US-China tariffs dilemma for Europe, one culprit for sticky US inflation and Central European central banks take a break

  • US auto tariffs: Can the EU follow suit? The bark of higher US tariffs on Chinese goods is worse than the bite: The latest move will lift the global effective US tariff rate by a meagre 0.2pp to 2.7%, and the effective tariff rate on Chinese goods by 1pp to 13.5%. However, it will bring topics such as increasing Chinese investment inflows into Mexico, trade diversion & mis-invoicing and exchange rate adjustments back into the spotlight, where they will remain as the US elections approach. The stakes are higher in Europe: It will not be easy to follow suit without hurting its own auto industry, which is much more reliant on China for profits and revenue, or jeopardizing its own green transition. China is the largest exporter of new cars to the EU both in terms of value and volume and sales of Chinese EVs have been surging. Imposing additional tariffs on Chinese EVs would mean even higher prices for European consumers, which could potentially backfire on the EU's climate ambitions.
  • Who’s to blame for sticky US inflation? Inflation remains elevated in the US, even as it drops in Europe. In April, inflation was running at +3.4% year-on-year (only -0.1pp from March), driven by still strong increases in core services and shelter prices. While fiscal policy, increasing immigration and the Fed – the latter blaming persistent supply constraints – are often listed as key reasons behind remanent inflation, we find that looser financial conditions are the number one cause, accounting for more than half of higher price pressures in 2024, even as US interest rates have been at 5.5% since July 2023. Looking ahead, the continuation of quantitative tightening should start to drain liquidity before long but we expect inflation to start to normalize only in Q4 2024 at the earliest.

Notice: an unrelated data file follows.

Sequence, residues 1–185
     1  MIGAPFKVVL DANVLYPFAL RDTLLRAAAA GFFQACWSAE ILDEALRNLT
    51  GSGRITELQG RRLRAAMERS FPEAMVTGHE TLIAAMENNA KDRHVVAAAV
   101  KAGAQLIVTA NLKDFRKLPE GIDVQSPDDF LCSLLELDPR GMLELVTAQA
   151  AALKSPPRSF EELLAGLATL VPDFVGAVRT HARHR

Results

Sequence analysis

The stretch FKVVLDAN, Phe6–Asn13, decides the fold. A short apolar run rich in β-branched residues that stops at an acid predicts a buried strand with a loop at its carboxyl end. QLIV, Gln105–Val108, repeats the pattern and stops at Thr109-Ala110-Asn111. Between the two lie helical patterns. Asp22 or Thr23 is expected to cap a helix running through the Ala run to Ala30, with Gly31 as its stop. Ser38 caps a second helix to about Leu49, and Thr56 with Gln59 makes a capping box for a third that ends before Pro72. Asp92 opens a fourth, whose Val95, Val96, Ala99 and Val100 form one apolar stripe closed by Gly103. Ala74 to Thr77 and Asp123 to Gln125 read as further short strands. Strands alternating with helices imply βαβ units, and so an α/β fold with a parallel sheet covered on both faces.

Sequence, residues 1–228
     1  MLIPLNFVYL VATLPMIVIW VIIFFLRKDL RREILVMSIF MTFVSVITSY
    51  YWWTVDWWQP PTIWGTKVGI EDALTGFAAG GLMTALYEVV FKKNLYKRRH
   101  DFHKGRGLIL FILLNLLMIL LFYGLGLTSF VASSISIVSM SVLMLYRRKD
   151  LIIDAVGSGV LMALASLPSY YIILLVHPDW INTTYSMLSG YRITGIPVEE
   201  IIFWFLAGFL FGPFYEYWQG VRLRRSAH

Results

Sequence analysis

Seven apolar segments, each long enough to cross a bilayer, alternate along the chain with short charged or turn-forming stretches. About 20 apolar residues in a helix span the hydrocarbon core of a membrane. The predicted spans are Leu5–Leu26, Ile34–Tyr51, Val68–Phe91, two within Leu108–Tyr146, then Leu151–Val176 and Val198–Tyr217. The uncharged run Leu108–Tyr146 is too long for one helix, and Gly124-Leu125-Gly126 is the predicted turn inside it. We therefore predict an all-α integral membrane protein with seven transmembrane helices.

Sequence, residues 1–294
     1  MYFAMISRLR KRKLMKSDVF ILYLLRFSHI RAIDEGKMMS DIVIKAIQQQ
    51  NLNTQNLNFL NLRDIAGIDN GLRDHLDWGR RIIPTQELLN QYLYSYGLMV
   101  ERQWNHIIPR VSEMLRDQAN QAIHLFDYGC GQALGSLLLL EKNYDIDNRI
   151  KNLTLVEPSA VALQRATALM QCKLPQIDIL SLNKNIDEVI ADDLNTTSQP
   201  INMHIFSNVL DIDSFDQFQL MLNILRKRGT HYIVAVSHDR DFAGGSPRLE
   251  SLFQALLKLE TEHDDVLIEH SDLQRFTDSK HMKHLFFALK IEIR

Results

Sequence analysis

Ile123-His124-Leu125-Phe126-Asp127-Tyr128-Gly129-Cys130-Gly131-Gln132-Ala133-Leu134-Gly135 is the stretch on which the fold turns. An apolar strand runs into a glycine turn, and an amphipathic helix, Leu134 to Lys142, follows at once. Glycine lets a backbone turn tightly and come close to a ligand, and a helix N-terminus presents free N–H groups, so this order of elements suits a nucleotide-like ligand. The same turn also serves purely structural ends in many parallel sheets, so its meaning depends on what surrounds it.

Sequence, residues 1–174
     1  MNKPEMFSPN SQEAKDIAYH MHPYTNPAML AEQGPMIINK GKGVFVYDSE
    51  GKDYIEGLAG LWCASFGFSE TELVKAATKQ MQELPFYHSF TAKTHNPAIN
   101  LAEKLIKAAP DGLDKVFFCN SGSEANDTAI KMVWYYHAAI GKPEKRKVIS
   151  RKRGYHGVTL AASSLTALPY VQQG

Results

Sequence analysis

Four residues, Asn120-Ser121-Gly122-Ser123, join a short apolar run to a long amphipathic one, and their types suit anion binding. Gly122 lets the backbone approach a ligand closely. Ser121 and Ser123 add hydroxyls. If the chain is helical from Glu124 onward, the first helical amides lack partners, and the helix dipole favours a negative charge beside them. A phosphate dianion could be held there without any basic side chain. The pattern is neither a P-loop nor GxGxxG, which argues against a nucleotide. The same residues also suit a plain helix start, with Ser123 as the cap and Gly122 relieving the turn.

• CEE and Türkiye: Rebounding inflation will slow the monetary easing cycle. Rising food and energy prices have brought rapid disinflation to an end in Poland, Czechia and Hungary, and we expect inflation to rise above central banks’ target ranges again by the end of 2024. In Romania, on the other hand, inflation has remained stickier. As a result, we expect the pace of the current monetary easing cycles in Czechia and Hungary to slow down, while Romania and Poland with wait until later this year to cut policy rates. In Türkiye, meanwhile, inflation is set to rise to over 70% this month before starting to fall thereafter to around 40% by end-2024. The Turkish central bank is likely to keep its policy rate unchanged at 50% until inflation will have eventually fallen below this level towards the end of this year. A first policy rate cut is then possible in Q4 2024.
Ludovic Subran
Allianz SE
Yao Lu
Allianz Trade
Manfred Stamer
Allianz Trade
Maxime Darmet
Allianz Trade
Jasmin Gröschl
Allianz SE